After four weeks of travel and years of planning, the Silk River has reached the end of its journey with the closing ceremony today at Kolkata’s Victoria Memorial.
There is something going on with the geography of Calcutta that I don’t understand. It ought to be simple.
Ask any British person where in the world they would like to go, at least once in their life, and I’ll bet that a visit to India would be at the top of the list. And if there was one experience that such potential visitors would specify, it would be a journey on Indian railways.
It’s our last day on the river today. We leave at seven in a fast-running tide that’s carrying rafts of water hyacinth along, some of them inhabited by pond herons.
After breakfast we take a bus through Barrackpore and get down near the river a few kilometres upstream from where we are staying. Then we walk down a small lane with walls on both sides.
Dawn eases the world into view from the boat. We are anchored off Chandannagar where today there will be a parade. It’s the best yet. We walk down The Strand with drummers and a team of acrobats on stilts wearing peacock feather headdresses.
During the night, when we are chugging downriver from Krishnanagar, there is torrential rain. Visibility at dawn is not much better. It’s what the Scots call dreich: thicker than mist, but not quite rain. In the wheelhouse, our pilot Nimai, is working hard to steer around the sandbanks, many of them invisible to ordinary mortals. But he sees them.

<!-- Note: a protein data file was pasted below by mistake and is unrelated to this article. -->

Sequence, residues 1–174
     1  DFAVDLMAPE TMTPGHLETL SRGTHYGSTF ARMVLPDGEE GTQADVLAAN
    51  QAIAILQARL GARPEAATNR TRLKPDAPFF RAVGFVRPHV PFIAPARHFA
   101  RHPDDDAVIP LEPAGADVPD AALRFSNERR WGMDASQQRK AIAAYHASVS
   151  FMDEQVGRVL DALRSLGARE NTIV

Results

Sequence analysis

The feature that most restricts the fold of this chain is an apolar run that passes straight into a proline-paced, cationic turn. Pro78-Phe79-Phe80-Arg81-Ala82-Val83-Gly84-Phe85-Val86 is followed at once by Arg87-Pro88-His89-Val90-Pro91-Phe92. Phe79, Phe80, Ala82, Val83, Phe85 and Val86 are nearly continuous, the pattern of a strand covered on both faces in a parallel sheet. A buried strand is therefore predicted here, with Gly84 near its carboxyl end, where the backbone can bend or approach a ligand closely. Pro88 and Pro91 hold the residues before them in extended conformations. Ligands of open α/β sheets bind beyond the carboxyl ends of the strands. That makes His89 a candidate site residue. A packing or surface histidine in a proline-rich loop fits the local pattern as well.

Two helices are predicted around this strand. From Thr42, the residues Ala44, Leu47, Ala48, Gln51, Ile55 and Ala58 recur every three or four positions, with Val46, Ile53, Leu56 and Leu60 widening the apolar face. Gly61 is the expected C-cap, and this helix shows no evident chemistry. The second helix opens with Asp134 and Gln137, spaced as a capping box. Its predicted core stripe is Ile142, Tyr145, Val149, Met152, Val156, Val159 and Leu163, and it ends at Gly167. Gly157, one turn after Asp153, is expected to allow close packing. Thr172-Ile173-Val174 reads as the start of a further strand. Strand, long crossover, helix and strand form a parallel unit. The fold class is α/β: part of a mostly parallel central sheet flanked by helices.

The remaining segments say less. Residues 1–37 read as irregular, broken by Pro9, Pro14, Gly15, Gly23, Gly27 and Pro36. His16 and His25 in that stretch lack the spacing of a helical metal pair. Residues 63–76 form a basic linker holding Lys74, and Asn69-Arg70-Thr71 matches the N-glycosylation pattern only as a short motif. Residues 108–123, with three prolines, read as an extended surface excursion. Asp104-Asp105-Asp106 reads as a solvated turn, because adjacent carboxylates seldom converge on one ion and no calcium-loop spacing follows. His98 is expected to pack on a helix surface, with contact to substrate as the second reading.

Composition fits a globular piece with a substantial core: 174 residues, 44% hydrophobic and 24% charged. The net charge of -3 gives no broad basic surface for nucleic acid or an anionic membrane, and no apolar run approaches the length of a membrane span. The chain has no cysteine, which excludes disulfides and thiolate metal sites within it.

I like a town with a speciality. Nuremberg is wooden toys, York is chocolate, Buenas Aires is tango and London is second-rate politicians – no, hang on, every capital city seems to specialise in those.
Just before dawn we are on the riverbank about to be ferried out to our boat which floats offshore in the pearly mist. The sky and the river are same shade of grey. For once the world is hushed and almost silent.
One wonderful thing that happens when you travel through a landscape with something of a purpose is the chance encounters, the unexpected conversations that suddenly open up unseen worlds. Like with Darshan last night in Azimganj when he let slip about the elephant.